Title: “Why Don’t They Just Leave?”
Subtitle: Entrapment as the Context of Abuse
Author: Lee Shevek
Date: October 10, 2022
Source: Retrieved on November 26, 2022 from https://butchanarchy.medium.com/why-dont-they-just-leave-entrapment-as-the-context-of-abuse-4970f0c715d1

When faced with the stories of physical and sexual violence, manipulation, gaslighting, and coercion that survivors tell from their experiences within abusive relationships, many people’s first question frequently seems to be “why didn’t they just leave?” And, indeed, with a limited understanding of the overall context that forms abuse, victims remaining with their abusers seems unimaginable. After all, if someone walked up to you on the street and called you a worthless piece of garbage, or slapped you in the face, you would not be inclined to share their company any further, so why do abuse victims appear to accept horrific treatment time and time again without leaving?

At root of this question is a fundamental misunderstanding of abuse that we must correct before we explore any further. Abuse is not determined by individual instances of violence or toxic behavior, nor do individual instances of violence or toxic behavior automatically mean abuse. Abuse is not simply whenever someone insults you or treats you badly: it is a broader relational context that limits your ability to resist, challenge, or leave someone who treats you badly. Many people understand abuse as the more extreme, individual incidents of violent behavior they tend to hear more about, but it is, in reality, the context of entrapment, in which the victim’s agency and autonomy are reduced, constrained, and coopted in order to empower the abuser that forms an abusive relationship.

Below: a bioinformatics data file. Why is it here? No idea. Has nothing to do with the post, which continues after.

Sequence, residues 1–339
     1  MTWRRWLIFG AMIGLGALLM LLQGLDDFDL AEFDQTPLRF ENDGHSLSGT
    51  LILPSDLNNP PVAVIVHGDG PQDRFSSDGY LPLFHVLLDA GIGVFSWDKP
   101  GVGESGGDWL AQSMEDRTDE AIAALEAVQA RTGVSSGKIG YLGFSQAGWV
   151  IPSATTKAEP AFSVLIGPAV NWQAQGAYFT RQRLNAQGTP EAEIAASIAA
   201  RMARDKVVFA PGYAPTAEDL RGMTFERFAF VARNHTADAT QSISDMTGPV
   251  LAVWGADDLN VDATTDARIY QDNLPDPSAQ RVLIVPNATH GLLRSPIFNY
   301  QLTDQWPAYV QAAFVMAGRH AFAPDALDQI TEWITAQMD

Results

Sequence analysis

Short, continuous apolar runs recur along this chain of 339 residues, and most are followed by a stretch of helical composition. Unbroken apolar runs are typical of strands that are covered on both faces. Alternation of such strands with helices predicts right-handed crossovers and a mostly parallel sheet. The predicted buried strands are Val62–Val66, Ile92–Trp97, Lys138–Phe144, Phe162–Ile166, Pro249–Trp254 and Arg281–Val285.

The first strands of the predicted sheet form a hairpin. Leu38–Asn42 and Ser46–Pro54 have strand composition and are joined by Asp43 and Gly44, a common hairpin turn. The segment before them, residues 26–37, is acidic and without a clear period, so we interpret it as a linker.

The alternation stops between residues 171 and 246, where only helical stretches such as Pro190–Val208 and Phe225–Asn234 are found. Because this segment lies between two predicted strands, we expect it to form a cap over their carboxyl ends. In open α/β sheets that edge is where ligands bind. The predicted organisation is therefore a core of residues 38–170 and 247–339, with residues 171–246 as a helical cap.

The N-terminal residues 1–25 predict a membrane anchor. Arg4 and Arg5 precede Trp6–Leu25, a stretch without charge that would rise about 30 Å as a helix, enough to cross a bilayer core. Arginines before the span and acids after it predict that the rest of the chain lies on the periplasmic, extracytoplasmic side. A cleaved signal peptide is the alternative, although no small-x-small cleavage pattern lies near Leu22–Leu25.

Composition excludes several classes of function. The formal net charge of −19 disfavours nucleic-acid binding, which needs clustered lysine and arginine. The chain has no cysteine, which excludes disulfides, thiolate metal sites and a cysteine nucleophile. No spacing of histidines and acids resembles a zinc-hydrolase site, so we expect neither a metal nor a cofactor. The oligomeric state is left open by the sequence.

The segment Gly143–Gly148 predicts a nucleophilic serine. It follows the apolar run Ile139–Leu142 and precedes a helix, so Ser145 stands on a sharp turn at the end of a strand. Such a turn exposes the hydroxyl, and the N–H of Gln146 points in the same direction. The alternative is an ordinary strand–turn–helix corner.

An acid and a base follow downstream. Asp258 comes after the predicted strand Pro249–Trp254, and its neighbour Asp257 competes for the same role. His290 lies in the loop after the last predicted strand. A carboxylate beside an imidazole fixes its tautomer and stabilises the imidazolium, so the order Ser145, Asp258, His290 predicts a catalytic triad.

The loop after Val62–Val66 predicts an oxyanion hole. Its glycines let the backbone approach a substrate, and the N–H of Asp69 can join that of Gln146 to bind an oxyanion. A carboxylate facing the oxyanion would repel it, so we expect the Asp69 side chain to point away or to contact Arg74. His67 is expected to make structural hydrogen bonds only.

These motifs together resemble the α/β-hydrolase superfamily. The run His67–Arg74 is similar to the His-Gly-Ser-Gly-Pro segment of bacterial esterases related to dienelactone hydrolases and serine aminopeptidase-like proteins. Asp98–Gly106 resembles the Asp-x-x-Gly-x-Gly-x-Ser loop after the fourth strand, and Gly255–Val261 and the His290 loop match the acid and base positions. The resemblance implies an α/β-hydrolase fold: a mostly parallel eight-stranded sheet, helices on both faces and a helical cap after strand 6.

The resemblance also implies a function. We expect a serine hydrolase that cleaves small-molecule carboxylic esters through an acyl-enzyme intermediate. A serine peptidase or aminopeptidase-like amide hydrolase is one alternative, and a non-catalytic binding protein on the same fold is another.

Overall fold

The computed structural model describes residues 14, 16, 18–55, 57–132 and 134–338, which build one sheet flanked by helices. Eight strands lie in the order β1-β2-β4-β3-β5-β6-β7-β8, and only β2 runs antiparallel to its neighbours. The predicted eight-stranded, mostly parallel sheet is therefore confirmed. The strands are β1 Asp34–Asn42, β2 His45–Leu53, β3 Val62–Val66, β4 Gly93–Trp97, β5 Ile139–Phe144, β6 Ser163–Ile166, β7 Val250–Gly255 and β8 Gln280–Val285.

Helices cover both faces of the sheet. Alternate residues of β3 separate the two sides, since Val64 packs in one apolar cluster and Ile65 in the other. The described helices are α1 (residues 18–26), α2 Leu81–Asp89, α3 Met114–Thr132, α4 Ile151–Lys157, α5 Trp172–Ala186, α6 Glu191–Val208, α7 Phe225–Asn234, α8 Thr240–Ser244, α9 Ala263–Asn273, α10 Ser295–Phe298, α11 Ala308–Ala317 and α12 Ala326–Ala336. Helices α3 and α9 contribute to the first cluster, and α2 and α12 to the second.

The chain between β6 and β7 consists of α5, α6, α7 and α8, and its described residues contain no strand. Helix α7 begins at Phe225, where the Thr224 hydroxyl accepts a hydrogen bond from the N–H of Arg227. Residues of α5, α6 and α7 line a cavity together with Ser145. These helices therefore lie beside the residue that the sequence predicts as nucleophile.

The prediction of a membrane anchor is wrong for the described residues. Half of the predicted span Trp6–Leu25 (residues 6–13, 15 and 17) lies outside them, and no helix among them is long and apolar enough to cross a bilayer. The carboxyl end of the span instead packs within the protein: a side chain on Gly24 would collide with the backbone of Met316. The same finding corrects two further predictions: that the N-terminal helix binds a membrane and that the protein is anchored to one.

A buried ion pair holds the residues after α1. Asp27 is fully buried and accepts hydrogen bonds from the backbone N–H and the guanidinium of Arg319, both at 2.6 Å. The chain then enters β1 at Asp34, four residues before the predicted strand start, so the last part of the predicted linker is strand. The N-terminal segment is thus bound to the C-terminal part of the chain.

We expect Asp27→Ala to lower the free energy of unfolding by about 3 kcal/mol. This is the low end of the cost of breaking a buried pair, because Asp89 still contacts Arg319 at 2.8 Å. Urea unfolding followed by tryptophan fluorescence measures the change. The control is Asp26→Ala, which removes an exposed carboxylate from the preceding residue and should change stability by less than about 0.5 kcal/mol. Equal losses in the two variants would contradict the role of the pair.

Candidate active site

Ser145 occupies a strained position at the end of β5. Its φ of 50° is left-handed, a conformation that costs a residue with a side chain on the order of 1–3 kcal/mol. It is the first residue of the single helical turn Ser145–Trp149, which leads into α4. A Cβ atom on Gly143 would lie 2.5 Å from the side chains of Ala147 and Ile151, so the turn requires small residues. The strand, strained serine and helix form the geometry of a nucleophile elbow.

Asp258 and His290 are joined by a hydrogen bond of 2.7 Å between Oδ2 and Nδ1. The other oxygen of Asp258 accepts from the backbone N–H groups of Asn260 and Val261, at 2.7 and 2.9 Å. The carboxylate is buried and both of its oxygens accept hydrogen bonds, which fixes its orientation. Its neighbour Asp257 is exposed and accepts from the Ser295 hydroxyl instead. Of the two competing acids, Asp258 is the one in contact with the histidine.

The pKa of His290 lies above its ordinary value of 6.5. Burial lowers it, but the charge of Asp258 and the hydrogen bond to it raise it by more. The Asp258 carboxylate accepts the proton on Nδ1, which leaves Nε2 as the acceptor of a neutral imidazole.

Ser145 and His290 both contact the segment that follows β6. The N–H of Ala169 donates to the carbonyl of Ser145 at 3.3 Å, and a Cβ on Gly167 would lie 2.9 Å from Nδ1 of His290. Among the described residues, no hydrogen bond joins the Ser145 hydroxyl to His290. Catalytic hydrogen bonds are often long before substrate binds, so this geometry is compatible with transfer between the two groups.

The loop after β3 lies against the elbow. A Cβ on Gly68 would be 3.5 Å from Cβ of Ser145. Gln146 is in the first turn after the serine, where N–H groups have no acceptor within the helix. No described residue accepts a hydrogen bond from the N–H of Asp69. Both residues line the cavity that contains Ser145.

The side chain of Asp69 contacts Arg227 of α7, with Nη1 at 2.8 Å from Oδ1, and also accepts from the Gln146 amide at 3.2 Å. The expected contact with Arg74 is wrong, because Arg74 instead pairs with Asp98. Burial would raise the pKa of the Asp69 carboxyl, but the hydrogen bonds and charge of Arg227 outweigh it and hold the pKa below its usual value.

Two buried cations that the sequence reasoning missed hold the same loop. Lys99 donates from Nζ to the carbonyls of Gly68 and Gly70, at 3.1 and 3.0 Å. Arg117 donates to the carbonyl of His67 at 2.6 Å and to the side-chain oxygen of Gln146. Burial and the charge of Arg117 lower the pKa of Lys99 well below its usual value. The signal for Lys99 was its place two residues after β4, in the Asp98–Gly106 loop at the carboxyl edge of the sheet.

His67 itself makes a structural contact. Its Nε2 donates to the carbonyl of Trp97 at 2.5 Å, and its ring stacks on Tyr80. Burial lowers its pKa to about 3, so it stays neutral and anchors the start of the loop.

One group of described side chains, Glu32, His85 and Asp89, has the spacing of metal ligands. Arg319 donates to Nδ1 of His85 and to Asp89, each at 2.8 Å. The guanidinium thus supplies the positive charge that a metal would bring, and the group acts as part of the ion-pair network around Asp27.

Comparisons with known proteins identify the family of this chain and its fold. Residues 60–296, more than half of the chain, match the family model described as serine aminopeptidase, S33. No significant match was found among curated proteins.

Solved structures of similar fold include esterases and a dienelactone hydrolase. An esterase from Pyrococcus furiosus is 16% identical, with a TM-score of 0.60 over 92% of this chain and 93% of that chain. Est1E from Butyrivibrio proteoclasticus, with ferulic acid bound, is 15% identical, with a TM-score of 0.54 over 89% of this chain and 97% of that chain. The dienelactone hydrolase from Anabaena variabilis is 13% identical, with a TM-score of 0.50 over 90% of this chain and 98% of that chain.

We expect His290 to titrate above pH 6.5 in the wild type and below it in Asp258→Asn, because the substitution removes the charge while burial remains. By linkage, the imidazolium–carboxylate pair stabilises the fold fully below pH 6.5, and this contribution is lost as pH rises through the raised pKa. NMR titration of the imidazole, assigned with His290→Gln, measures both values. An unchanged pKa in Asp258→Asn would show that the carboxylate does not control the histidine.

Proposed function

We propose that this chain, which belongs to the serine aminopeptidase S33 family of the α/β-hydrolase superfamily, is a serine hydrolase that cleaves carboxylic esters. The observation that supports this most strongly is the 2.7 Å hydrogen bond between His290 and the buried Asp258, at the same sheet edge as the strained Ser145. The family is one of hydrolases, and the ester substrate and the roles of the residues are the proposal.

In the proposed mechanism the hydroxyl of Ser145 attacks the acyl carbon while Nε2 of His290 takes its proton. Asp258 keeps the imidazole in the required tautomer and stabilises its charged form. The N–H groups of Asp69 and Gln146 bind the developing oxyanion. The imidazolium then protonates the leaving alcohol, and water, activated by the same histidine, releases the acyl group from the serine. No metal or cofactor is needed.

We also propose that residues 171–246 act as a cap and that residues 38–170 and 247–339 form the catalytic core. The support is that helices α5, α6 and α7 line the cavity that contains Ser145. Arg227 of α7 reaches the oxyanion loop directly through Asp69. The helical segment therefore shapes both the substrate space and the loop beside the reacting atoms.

An abuser is not comparable to a stranger who walks up to you and insults you or slaps you in the face, even if their apparent behavior in a particular moment is the same, and the options available to you in the moment of your assault are not the same as the options available to an abuse victim. The stranger does not know you, has no means to compel you to remain for another slap, and has little power to control your reaction to them. The abuser knows their victim on an intimate level, often has buy-in and often even significant trust and rapport with their victim’s friends, family, and/or workplace. They know where they live, and may even live in the same place. They know their insecurities. They know their vulnerabilities and how to leverage them. They often do not start the relationship with a slap as the stranger did, but instead build (often at a rapid pace) connection and dependencies with their victim before slowly introducing more overt tactics of control that they then use the existence of prior moments of connection to excuse and justify.

In his book Coercive Control: How Men Entrap Women In Personal Life, Evan Stark defines abuse not as individual incidents of violence, but as a system of coercive control more akin to prolonged attacks on liberty (like kidnapping and hostage taking) than it is to other incidents of physical assault: “The most important anomalous evidence indicates that violence in abusive relationships is ongoing rather than episodic, that its effects are cumulative rather than incident-specific, and that the harms it causes are more readily explained by these factors than by its severity.” (13) The stories of abusive violence that emotionally rock you and lead you to ask “why would anyone stay after that?!” are certainly a feature of the abusive context, but as long as you remain focused only on them you will remain unable to find the answer to your question.